Profile: Banking on the brink

From John Major’s Government to the heart of the financial crisis, Angela Knight CBE FCSI(Hon) has been at the frontline of change for more than two decades
by Jake Matthews


Angela will be moderating the CISI's Mansion House City Debate on fintech on Tuesday 6 March. Click to find out more Angela Knight has seen the financial services sector change significantly since she first became involved in the mid-1990s when she was appointed Economic Secretary to the Treasury – a post now known as City Minister – in John Major’s Government. 

The UK has changed financial services regulators twice in this period – from the so-called self-regulating organisations of the Personal Investment Authority, the Securities and Futures Authority, the Investment Management Regulatory Organisation and the Bank of England (BoE), to the FSA, and then splitting back up into today’s FCA plus the Prudential Regulation Authority, bringing regulation back inside the BoE. Angela suspects that we will see another change in ten years’ time. Meanwhile, the sector has become more professional and this is notably the case with wealth management firms and private banks, a part of the community that she has been heavily involved with since leaving Parliament.
The financial crisis of 2007–2008 certainly damaged both the City and the sector’s reputation, but, according to Angela, it’s worth remembering two things: 
1. “The UK authorities deal with problems publicly while most countries seek to hide them away. And the UK has a regime that investigates, levies heavy fines and requires significant compensation to an extent that is simply not reflected in most other countries, despite what they may say. The result is that we sort things out quicker and gain the respect of others for doing so.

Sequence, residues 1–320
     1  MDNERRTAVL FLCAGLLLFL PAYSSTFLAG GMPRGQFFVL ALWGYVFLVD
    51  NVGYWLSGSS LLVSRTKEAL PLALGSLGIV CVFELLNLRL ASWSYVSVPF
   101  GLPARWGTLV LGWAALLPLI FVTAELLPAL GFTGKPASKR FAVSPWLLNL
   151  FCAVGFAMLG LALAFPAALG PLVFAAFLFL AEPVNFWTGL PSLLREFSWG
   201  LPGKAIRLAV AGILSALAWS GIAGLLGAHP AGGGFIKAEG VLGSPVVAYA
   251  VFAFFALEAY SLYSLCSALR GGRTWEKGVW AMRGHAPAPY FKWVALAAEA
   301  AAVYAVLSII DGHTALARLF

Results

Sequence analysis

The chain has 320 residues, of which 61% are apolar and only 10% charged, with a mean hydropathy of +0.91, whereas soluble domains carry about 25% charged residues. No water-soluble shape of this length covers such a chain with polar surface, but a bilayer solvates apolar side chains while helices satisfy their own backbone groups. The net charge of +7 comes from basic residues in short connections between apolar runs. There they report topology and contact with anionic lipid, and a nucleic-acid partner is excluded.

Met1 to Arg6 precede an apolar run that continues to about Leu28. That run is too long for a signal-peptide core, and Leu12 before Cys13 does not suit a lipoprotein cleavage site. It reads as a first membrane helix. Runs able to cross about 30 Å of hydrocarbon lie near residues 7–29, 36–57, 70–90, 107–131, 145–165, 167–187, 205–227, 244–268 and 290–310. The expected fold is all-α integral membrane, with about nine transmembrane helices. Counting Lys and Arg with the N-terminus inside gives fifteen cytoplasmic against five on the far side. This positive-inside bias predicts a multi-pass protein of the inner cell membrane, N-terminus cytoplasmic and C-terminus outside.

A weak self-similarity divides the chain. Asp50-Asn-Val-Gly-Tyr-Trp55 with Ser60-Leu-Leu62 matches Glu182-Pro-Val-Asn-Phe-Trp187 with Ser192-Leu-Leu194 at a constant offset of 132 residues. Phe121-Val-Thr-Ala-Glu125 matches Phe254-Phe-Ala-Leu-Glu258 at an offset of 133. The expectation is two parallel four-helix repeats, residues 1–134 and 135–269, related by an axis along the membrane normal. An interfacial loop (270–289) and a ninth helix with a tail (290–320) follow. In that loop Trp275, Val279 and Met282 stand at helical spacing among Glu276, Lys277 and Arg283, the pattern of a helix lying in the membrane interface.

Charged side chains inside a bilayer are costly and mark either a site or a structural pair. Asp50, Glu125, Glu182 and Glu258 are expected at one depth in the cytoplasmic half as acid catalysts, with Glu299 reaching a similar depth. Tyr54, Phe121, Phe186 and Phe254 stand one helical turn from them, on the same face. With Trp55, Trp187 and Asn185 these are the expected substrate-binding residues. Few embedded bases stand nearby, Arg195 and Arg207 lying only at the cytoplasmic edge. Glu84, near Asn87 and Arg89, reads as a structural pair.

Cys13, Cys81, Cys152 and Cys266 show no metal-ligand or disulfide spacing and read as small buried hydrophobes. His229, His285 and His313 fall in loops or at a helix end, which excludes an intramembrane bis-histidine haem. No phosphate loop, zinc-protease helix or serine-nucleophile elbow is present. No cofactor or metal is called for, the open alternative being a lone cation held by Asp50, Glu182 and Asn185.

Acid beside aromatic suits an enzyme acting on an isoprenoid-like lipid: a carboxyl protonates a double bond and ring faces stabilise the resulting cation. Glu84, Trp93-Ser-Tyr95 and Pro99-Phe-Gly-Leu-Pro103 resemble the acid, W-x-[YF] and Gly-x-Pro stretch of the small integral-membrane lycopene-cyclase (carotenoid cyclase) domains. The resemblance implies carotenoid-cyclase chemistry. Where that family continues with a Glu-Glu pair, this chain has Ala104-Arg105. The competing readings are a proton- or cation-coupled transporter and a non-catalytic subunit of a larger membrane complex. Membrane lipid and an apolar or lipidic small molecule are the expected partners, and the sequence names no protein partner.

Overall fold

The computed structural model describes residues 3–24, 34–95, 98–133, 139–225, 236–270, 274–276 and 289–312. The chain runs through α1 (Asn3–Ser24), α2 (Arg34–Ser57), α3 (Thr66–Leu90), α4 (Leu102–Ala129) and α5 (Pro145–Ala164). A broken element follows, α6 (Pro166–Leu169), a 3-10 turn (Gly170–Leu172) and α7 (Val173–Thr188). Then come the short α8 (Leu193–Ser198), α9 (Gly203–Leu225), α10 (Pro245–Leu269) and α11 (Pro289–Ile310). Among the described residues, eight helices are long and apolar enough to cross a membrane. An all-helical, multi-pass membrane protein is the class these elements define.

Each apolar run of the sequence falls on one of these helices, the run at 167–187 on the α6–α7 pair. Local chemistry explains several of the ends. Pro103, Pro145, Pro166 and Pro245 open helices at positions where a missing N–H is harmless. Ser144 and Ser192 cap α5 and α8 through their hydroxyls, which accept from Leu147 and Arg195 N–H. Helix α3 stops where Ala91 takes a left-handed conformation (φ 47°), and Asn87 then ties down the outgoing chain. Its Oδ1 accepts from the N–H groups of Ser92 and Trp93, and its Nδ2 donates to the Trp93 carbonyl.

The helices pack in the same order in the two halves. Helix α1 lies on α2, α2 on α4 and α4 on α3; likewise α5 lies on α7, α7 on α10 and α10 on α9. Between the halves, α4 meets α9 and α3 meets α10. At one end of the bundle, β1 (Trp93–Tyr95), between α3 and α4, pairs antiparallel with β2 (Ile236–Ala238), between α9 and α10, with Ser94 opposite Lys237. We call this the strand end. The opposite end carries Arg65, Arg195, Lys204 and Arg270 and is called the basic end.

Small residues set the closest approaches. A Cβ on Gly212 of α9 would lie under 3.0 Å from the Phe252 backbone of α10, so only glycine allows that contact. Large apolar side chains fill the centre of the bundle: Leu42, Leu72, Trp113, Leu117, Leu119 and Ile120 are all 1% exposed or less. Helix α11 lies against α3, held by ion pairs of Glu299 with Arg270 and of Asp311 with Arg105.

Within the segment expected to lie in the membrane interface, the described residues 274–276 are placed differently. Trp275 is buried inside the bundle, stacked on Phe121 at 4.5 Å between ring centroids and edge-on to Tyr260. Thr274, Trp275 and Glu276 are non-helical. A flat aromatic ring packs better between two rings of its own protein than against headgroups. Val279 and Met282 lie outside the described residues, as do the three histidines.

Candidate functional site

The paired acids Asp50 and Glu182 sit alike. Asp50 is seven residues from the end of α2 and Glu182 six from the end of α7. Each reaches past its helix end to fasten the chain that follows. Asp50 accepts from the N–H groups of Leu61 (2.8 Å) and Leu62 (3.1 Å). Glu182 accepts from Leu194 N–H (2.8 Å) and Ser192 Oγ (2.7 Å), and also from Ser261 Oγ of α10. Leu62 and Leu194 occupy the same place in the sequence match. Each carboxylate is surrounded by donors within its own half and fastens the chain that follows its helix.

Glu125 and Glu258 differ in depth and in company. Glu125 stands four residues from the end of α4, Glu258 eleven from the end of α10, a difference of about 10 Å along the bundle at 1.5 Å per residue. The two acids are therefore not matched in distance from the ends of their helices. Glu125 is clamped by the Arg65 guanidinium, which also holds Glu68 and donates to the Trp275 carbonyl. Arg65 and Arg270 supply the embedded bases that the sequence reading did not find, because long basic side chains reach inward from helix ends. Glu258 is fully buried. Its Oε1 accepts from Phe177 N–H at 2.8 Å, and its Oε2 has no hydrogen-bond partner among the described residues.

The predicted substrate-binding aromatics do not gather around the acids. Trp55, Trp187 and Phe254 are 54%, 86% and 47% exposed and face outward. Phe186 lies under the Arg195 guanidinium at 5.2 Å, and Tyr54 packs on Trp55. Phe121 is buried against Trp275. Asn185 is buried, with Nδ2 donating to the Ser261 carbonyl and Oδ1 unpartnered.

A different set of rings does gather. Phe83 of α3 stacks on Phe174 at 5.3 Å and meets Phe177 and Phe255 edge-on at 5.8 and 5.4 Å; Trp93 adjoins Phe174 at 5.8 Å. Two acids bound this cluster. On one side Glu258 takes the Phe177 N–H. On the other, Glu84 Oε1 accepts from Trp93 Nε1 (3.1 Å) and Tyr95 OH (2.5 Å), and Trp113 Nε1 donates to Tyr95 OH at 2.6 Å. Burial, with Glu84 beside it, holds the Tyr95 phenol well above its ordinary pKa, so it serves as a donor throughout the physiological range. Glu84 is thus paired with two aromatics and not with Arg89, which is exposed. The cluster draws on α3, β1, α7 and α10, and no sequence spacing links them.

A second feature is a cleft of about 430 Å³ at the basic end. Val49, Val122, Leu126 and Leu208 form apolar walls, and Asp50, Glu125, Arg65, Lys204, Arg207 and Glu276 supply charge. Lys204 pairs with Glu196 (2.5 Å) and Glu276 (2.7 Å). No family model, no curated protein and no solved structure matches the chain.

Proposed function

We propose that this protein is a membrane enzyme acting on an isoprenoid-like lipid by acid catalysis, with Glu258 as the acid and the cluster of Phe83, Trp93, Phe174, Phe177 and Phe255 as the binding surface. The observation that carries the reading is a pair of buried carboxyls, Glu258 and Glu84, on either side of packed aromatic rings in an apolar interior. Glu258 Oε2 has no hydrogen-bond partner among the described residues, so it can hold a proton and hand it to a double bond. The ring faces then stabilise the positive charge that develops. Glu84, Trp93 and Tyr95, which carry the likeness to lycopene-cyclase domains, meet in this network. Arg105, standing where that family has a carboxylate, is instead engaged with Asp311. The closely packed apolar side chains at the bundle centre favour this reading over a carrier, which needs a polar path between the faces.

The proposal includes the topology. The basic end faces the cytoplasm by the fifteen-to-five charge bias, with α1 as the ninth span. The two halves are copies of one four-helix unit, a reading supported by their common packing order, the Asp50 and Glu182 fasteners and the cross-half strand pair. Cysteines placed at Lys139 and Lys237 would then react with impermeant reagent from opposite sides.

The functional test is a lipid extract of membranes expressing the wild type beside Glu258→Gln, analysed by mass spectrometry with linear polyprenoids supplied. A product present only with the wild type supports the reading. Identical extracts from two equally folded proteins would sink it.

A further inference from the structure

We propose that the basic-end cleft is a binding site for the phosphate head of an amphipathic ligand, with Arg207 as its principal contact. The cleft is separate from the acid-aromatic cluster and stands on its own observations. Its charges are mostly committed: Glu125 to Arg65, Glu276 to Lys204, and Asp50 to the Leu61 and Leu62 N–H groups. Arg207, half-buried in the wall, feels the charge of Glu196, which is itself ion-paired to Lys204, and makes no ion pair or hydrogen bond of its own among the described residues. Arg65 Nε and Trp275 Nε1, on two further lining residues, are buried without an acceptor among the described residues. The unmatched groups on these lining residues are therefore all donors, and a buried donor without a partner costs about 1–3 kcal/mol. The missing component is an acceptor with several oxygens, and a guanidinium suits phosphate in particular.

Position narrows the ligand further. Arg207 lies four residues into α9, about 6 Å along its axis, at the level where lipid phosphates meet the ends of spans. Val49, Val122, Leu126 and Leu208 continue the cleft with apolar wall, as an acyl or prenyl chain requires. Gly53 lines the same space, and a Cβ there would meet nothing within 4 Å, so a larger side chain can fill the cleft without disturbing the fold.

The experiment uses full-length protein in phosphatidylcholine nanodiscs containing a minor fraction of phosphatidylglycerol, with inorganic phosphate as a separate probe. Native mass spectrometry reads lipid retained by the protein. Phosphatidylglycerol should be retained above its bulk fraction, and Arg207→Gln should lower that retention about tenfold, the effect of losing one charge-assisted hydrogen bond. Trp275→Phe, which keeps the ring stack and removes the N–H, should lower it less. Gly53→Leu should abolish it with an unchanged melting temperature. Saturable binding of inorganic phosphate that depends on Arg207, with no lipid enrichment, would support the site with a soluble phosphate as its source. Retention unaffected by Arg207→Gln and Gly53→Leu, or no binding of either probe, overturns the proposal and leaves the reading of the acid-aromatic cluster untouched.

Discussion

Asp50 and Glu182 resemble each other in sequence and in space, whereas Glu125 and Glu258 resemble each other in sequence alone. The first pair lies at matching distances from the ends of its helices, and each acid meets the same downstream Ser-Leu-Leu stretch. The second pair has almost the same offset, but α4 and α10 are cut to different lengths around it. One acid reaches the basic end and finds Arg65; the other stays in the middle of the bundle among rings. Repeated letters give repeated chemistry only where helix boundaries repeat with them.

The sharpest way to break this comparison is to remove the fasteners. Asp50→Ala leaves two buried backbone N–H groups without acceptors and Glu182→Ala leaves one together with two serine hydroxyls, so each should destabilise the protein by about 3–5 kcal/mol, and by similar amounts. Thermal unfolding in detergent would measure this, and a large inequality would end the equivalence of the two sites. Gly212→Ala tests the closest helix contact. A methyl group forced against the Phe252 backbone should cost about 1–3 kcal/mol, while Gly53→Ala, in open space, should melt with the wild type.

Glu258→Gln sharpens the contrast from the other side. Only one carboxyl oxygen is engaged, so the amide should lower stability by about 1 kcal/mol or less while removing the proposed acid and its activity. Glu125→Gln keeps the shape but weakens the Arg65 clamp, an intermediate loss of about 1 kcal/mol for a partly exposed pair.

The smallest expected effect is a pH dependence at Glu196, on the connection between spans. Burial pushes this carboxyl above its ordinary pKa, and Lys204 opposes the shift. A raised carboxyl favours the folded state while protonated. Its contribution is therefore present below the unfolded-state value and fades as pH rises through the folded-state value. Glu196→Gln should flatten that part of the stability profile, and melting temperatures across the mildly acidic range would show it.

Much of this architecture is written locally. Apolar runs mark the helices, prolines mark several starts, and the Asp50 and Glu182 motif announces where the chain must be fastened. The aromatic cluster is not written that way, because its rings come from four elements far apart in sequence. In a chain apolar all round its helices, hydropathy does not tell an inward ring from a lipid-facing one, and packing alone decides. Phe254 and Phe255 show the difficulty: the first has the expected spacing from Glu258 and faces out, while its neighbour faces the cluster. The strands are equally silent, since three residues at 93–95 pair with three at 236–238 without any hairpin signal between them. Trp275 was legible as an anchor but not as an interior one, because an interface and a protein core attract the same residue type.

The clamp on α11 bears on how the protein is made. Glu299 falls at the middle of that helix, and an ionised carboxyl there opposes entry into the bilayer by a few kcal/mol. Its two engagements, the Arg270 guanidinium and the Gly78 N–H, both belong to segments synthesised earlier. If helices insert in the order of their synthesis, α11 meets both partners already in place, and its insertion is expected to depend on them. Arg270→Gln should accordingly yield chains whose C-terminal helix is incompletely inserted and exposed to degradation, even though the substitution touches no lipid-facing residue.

2. “The UK has a vibrant financial services sector and, in London, a second to none international centre – it has this not because we do things badly, but because we do things well.”  

Having been at the forefront of UK financial services during its most turbulent time in decades, Angela’s words hold weight.    
From graduate trainee to CEOSpeaking of her upbringing in the north of England, Angela says: “First, you weren’t expected to go to university; and second, you were only expected to do ‘women’s jobs’.” She was given career books with titles such as Susan becomes a secretary, Norah becomes a nurse and Angela becomes an air hostess.

But Angela had other ideas. She was the first pupil from Sheffield Girls High School to be accepted into Bristol University, and was one of only six girls studying chemistry. “That was considered a high number in those days!” she recalls. After graduating in 1973, Angela was determined to take her first step on the business ladder and applied for “every job that didn’t specify ‘men-only’”. She was only the second female graduate to be taken on by the American industrial gas company Air Products, training as an engineer before becoming their first female product manager.

She stayed there for five years before setting up her own business, Cook & Knight Metallurgical Processors, in Rotherham, South Yorkshire. As chief executive, she ran the company that specialised in the heat treatment of precision ferrous metal components for ten years, before her election to Sheffield City Council as one of a tiny handful of Conservatives. 
"The UK authorities deal with problems publicly while most countries seek to hide them away"One victory led to another, and in 1992 she was elected MP for the marginal seat of Erewash in Derbyshire, 40 miles south of her home. In 1995 she was appointed to John Major’s Government as City Minister. “Although the content of the role was different in the mid-1990s, when I held the job, much of my time was spent on the financial services sector and on financial regulation.” 

During her time in office, she also brought in the £2 coin; took through Parliament the regulations to enable the CREST settlement system to operate; liberalised the law governing building societies and was responsible for the legislation for Open-Ended Investment Companies (OEIC) (Investment Companies with Variable Capital) Regulations. “At the time, the pronunciation of OEICs – ‘oiks’ – was considered a little vulgar by the Treasury, but I liked it and stood my ground!”     
Angela Knight's CV: from MP to NED

2017–present: Independent board member, Astana Financial Services Authority   

2016–present: Chair, Tilman Brewin Dolphin

2016–present: Non-executive director, Taylor Wimpey